• a complete ferredoxin thioredoxin system regulates fundamental processes in Amyloplasts
    Proceedings of the National Academy of Sciences of the United States of America, 2006
    Co-Authors: Yves Balmer, William H. Vensel, Wanda Manieri, Peter Schürmann, William J Hurkman, Nick Cai, Bob B. Buchanan
    Abstract:

    †‡ A growing number of processes throughout biology are regulated by redox via thiol– disulfide exchange. This mechanism is particularly widespread in plants, where almost 200 proteins have been linked to thioredoxin (Trx), a widely distributed small regulatory disulfide protein. The current study extends regulation by Trx to Amyloplasts, organelles prevalent in heterotrophic plant tissues that, among other biosynthetic activities, catalyze the synthesis and storage of copious amounts of starch. Using proteomics and immunological methods, we identified the components of the ferredoxinTrx system (ferredoxin, ferredoxin–Trx reductase, and Trx), originally described for chloroplasts, in Amyloplasts isolated from wheat starchy endosperm. Ferredoxin is reduced not by light, as in chloroplasts, but by metabolically generated NADPH via ferredoxin–NADP reductase. However, once reduced, ferredoxin appears to act as established for chloroplasts, i.e., via ferredoxin– Trx reductase and a Trx (m-type). A proteomics approach in combination with affinity chromatography and a fluorescent thiol probe led to the identification of 42 potential Trx target proteins, 13 not previously recognized, including a major membrane transporter (Brittle-1 or ADP-glucose transporter). The proteins function in a range of processes in addition to starch metabolism: biosynthesis of lipids, amino acids, and nucleotides; protein folding; and several miscellaneous reactions. The results suggest a mechanism whereby light is initially recognized as a thiol signal in chloroplasts, then as a sugar during transit to the sink, where it is converted again to a thiol signal. In this way, amyloplast reactions in the grain can be coordinated with photosynthesis taking place in leaves. redox regulation target proteins ferredoxin–thioredoxin reductase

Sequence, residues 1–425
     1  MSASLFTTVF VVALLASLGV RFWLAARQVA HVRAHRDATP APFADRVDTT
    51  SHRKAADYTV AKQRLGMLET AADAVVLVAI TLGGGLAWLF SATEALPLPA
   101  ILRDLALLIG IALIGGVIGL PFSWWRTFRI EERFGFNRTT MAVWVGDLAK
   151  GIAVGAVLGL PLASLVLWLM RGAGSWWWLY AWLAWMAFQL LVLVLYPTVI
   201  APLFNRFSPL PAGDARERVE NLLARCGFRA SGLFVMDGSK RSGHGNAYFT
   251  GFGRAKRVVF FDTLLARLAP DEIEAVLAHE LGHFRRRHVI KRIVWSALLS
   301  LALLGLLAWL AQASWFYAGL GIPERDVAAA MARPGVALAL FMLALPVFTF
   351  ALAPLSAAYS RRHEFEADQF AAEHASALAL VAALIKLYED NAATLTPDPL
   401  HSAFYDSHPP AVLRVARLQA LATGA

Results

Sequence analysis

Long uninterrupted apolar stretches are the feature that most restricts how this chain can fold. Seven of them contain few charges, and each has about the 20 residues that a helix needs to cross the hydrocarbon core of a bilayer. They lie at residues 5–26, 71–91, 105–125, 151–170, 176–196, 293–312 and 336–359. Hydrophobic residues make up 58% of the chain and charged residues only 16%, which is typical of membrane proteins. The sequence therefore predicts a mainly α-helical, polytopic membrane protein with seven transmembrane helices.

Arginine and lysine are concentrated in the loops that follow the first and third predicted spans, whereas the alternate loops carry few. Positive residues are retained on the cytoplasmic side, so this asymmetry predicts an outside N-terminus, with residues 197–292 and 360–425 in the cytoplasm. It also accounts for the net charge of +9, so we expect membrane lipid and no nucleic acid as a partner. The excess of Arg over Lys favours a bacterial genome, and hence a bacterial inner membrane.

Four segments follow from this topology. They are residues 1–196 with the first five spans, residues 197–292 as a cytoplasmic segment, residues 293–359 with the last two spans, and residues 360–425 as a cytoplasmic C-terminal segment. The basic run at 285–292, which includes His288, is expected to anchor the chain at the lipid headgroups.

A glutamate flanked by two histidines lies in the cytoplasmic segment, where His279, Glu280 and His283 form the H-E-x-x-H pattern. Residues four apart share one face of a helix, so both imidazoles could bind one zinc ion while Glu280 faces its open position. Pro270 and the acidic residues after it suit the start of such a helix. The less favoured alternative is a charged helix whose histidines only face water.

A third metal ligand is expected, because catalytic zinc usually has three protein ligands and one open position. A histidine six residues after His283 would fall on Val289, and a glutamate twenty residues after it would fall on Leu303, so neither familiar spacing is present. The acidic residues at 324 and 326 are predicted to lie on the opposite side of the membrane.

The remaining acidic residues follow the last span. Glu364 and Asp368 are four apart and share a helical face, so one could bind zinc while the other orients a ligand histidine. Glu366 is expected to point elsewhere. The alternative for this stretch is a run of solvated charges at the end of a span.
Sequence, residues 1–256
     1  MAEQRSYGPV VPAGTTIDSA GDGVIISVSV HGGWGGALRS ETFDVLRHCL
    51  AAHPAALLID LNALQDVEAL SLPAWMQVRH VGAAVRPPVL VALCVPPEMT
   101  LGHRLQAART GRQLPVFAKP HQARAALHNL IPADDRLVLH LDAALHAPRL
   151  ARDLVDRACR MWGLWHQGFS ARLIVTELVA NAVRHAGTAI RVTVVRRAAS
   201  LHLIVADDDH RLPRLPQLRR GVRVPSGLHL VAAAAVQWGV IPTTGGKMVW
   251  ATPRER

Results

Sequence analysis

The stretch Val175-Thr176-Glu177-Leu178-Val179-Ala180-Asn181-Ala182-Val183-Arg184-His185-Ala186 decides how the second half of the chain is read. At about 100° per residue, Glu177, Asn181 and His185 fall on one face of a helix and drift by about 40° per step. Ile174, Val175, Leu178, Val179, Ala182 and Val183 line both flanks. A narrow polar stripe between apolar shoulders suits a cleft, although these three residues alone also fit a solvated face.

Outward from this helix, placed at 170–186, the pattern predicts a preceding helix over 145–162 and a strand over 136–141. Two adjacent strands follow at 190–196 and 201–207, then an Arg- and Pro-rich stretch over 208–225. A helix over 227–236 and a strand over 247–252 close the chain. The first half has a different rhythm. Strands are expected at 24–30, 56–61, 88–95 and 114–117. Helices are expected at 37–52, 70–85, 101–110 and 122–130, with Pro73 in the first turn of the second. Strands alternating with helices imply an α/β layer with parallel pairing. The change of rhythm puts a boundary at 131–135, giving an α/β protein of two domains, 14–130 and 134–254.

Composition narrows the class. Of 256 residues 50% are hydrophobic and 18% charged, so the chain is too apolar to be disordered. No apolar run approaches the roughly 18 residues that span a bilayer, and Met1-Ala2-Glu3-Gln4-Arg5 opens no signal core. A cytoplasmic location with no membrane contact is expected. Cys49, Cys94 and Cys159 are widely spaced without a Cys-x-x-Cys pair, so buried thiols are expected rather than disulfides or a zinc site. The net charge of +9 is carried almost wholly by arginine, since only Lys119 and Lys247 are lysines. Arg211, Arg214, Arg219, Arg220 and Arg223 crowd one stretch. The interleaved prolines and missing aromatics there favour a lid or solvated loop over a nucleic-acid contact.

• A complete ferredoxin/thioredoxin system regulates fundamental processes in Amyloplasts
    Proceedings of the National Academy of Sciences of the United States of America, 2006
    Co-Authors: Yves Balmer, William H. Vensel, Wanda Manieri, Peter Schürmann, William J Hurkman, Bob B. Buchanan
    Abstract: